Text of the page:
However, if you're unfamiliar, don't think that Pratchett is merely a parodist of fantasy novels. He does a great deal more, like Le Guin his stories seem to function as a believable world with a sense of substance, which is some feat considering that the 'Discworld' is a flat earth flying through space on the backs of four giant elephants carried by a giant space turtle, his characters also have a sense of truth about them, with personalities that make you care about their fates. Within the comedy and satire, however, are some of the best sequences of dialogue I've read where every word has obviously been carefully chosen, he also wrote perceptively about the human condition, and could use a literary allusion with precision.

Horror and Humour are dangerous companions though. As comedy easier breaks down the horrific, indeed, you might say that that's it's job! Laughing in the face of death.

The next influence, or groups of influencers, are more on Lovecraft's side (if we're putting Pratchett with Le Guin and I am) as their influence is one that shapes the shadowy mirror-world or the Down Below. I'm describing the art of Hieronymous Bosch and his creative successors (his heirs you might say..) the Surrealists, but not the Surrealists you're thinking of. Those pseudo-Marxist wannabe-Freudian's and the famous mustachioed adman, but the ignored female Surrealists, most of whom were based in Mexico. Particularly the work of Leonora Carrington and Remedios Varo (whose painting Embroidering the Earth's Mantle is depicted below). Their style is what you could call 'mystical surrealism' or 'psychomagical art' and it certainly has more of a connection with artists like Austin Osman Spare (whose work on 'sigilization' is a key influence for one of the mage schools that will be described later) and medieval illustrations of alchemy and so forth. They help shape the imagery of my world.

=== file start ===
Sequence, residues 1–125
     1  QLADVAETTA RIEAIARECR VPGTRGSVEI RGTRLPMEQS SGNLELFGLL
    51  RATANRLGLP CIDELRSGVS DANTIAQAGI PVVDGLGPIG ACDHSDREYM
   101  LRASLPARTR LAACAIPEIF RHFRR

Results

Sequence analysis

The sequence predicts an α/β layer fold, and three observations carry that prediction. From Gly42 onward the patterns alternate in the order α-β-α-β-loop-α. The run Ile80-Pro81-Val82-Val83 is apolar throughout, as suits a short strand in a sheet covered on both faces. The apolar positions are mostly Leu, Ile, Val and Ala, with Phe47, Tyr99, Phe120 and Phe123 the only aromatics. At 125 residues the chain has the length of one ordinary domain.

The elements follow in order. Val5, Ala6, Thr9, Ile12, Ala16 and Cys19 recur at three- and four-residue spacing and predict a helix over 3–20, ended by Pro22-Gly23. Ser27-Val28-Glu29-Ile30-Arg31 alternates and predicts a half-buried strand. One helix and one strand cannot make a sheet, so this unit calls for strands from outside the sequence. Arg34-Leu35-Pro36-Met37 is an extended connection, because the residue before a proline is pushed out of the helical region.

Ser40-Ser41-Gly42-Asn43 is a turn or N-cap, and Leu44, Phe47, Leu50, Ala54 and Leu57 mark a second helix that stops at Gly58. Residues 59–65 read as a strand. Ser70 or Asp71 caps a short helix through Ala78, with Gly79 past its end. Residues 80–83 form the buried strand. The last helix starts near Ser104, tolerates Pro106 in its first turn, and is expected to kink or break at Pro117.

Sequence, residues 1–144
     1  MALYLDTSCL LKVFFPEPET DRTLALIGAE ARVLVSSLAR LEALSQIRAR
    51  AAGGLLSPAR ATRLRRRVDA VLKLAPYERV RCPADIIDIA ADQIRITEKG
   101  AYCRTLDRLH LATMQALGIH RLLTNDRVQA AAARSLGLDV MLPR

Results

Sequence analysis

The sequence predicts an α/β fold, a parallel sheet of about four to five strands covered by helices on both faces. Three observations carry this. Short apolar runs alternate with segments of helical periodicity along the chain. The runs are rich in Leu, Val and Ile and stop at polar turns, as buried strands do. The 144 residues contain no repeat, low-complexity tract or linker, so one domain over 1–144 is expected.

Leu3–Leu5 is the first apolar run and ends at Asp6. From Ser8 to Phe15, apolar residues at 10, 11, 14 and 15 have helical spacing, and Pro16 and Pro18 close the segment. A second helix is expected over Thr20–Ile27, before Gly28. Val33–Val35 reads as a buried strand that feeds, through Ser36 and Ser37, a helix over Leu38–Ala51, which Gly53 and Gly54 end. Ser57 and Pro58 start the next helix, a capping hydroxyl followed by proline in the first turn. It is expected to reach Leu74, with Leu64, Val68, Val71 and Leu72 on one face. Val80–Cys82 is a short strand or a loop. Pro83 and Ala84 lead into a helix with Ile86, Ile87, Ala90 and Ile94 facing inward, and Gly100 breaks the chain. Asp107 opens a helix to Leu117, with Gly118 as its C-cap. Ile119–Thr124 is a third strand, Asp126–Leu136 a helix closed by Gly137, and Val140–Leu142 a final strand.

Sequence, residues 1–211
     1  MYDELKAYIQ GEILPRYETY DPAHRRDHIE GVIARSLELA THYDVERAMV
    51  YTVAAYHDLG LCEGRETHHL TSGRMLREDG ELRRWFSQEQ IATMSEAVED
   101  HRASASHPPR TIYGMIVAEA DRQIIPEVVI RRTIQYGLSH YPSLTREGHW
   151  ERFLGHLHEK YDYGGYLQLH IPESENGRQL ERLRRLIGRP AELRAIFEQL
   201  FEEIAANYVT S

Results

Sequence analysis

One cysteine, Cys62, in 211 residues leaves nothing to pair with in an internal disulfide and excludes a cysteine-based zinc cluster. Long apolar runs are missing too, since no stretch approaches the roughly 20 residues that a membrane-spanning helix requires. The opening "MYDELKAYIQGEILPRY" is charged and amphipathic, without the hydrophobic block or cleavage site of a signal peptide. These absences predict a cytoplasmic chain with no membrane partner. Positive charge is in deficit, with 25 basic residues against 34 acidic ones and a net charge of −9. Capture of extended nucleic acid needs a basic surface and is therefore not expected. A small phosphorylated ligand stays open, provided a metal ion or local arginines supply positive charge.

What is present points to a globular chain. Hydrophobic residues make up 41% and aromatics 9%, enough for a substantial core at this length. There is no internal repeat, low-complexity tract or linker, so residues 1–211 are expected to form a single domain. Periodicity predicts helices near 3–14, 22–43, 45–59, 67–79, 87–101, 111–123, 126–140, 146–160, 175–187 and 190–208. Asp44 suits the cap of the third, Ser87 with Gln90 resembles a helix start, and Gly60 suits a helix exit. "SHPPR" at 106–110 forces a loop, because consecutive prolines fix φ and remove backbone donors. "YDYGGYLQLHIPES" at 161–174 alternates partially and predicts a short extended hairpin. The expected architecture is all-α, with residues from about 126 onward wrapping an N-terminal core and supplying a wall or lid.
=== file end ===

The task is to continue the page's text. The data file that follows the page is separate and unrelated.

Elf mages at work?

I had an idea of there being many (around 9) city states that operate independently but are tied together in a system of rulership or, better, stewardship over the world. The initial thought was to base the majority of my stories or games in one particular city and leave the descriptions of most of the others as loose as possible to allow; (1) the reader's own creative imagination, and (2) players of the game to detail their own games and thus customise the game world.

My city, Cherish Port, is one built around my last influence (to be mentioned here today) and that is film noir (excellent wikipedia page btw). I think the first film noir I saw was 'The Third Man' that just so happened to be on television one afternoon after I'd finished by postal delivery. It was one of those moments, like seeing Kurosawa's Seven Samurai (also by chance), that changed the way I saw film. Obviously, I'd already been exposed to films and media that were imitating the style of Carol Reed's film, but there was something utterly different. Perhaps Orson Wells' terrific performance, perhaps the music, but whatever it was I was immediately hooked and began to search out all manner of film noir classics and forgotten gems. The obvious immediate connection with Lovecraft is the mood of pessimism, nihilism even, of many film noir's and the lingering sense of threat and menace. Indeed, like Lovecraft, the characters in a film noir can often tend towards 'archetypal' and can be merely 'victims in the ongoing narrative' rather than developed in any real manner.

Next time: Magick and the Mage.